Between the videos of guitar bow legends Jimmy Page (Led Zeppelin) and Jonsi (Sigur Ros) to the countless wannabe’s across youtube – investing in a bow and rosin was absolutely one of the best ‘on-a-whim’ decisions I’ve ever made. Not ever thinking the horse-haired apparatus would actually amount to musical creativity on guitar, considering Page usually just slaps his guitar with it, and Jonsi’s fx-laden guitar is often buried in the mix, I was optimistic about the potentials of a properly bowed guitar. Needless to say, I’ve been especially surprised. Between the forte E & A string power double-stops to the high E tremelo with the extended register – Yes, this is a tool that deserves as much credit as a slide and more discipline than 2-handed tapping. To naysayers, skeptics, and traditionalists all-around – an expertly bowed guitar is serious business. I look forward to studying its techniques and sharing its sounds with you all.
Years ago, I saw a film called ‘The Fountain’ by Darren Aronofsky that completely puts me in awe now every time I see it. Even beyond the film’s three parallel plot lines, Clint Mansell’s work with Kronos Quartet on the soundtrack is brilliant! Between the music and the implied Christianity – I give myself liberty to write about it and Aronofsky’s upcoming film “Noah.”
The film, The Fountain, was supposed to be grandiose, big-budgeted, & star-laden; however, business & politics happen, the budget was cut – and what we were left with is an art film on, albeit small, a hollywood budget. Without going into too much detail, The Fountain is about love, loss, & the pursuit of eternal life and it delves into science, Christianity, & Buddhist beliefs without being a film that remotely fits into any of those genres… it’s an art film and Aronofsky is an artistic director. If you’ve seen or are remotely familiar with his past films, Black Swan, Pi, Requiem for a Dream, you might know this. But, if you did not know this – you have been warned.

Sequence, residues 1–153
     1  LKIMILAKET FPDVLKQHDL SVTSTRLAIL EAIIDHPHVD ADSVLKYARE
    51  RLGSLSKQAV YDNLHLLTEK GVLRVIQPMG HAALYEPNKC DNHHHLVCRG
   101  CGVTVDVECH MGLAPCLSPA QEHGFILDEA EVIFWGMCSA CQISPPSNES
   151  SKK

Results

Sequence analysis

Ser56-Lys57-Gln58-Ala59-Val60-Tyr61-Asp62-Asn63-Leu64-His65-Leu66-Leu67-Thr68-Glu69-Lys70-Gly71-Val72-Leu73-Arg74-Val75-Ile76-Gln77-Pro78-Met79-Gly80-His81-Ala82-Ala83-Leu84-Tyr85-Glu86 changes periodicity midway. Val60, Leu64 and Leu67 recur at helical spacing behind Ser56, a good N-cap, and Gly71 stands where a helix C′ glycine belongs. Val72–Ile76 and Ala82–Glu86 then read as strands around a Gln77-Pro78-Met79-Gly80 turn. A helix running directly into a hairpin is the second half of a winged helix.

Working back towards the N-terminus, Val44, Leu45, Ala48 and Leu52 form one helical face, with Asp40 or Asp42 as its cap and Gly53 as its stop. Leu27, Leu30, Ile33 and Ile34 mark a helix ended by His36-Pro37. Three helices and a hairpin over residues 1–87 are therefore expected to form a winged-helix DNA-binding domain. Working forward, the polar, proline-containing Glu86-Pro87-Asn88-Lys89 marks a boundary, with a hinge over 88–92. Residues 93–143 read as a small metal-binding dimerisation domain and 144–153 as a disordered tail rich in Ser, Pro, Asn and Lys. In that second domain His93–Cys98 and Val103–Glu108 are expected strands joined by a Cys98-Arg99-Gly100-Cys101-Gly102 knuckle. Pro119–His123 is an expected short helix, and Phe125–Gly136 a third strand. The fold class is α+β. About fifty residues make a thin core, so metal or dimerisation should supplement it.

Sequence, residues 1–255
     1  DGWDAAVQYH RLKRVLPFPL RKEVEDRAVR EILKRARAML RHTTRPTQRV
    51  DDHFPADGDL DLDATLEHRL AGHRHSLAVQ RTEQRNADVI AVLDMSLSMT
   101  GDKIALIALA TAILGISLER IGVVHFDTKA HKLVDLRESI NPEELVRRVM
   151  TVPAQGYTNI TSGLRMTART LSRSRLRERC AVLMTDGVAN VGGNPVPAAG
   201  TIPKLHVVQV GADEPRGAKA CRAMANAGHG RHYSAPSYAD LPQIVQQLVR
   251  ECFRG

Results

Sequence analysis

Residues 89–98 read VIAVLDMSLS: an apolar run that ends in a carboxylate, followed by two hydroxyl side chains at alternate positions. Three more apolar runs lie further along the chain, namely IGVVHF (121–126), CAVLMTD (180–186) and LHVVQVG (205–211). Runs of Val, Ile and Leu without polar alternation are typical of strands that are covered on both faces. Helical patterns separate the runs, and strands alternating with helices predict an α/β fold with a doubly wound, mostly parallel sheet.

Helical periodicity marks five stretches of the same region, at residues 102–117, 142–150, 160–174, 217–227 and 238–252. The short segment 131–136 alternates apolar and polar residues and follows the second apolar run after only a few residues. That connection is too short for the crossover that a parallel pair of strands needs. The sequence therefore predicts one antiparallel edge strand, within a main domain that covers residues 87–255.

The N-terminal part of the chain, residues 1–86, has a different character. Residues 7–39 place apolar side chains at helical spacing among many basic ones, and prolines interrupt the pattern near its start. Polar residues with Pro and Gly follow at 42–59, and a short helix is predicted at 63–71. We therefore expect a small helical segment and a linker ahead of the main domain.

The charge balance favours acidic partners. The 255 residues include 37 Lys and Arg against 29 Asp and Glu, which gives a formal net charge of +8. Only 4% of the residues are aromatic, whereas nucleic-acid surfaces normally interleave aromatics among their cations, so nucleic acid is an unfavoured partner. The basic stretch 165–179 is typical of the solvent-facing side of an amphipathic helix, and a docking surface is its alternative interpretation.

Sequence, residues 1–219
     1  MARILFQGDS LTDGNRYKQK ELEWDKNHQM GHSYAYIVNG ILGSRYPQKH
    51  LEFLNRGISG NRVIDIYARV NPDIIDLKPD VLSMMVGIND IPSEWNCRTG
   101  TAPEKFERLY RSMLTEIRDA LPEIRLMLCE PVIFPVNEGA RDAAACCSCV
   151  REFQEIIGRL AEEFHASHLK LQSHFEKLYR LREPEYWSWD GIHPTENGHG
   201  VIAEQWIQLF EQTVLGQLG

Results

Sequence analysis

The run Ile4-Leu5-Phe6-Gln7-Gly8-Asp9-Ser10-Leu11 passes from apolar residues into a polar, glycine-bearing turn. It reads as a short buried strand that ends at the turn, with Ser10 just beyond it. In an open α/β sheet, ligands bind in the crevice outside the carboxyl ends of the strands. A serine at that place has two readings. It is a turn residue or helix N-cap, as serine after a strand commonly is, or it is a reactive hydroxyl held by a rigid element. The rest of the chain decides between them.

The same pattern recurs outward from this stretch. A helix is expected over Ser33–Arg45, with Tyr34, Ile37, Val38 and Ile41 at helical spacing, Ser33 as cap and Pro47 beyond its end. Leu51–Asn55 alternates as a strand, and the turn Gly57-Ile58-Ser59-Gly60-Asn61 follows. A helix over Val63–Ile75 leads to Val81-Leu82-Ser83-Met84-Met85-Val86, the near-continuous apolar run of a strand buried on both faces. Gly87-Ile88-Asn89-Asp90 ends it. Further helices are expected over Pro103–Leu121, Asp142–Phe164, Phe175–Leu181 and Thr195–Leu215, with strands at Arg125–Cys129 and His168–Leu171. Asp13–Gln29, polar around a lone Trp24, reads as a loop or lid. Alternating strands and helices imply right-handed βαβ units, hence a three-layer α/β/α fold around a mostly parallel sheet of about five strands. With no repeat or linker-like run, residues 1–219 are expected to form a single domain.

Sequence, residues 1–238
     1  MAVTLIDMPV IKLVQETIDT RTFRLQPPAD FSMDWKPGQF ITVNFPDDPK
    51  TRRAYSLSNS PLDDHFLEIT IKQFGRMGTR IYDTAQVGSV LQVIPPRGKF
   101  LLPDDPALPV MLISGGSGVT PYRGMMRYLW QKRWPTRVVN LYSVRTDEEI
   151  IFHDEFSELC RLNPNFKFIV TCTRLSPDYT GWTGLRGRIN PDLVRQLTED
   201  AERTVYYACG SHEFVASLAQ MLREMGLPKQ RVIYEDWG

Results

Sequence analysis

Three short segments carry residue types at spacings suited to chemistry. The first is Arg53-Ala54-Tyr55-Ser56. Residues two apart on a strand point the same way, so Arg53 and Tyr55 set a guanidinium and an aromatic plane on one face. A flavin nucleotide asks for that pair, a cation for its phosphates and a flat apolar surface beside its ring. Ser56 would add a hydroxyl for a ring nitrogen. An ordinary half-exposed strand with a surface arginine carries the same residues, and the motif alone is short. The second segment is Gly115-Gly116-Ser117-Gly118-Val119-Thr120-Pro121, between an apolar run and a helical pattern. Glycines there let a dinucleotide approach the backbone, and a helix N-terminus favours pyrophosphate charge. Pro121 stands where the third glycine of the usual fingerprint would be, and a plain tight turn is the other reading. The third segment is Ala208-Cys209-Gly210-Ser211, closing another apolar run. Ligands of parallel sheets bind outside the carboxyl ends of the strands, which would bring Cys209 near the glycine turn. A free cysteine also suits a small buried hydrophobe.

Noah will not be the Old Testament’s Passion of the Christ or this generation’s Ten Commandments. If you’re planning on taking a church bus to the film or studying with a church small group – your plans will be detoured. If your plan is to see the movie rather than read it straight from Genesis – you are foolish. If you’re planning on seeing an artistic take on the idea of Noah and his Ark that’s going to take significant liberties on the template of the biblical story – you might be more on the right track.
Humanists, rationalists, & Christians alike often attribute more to the book of Genesis than its text. People rationalize the events of Noah and the flood whether it be as grandiose as the movement from Pangia to our current land-ocean configuration to as simple as a Mississippi-style flood in the region. If it’s these kind deviations from scripture you’re concerned of, Aronofsky’s approach is more sci-fi than rationale.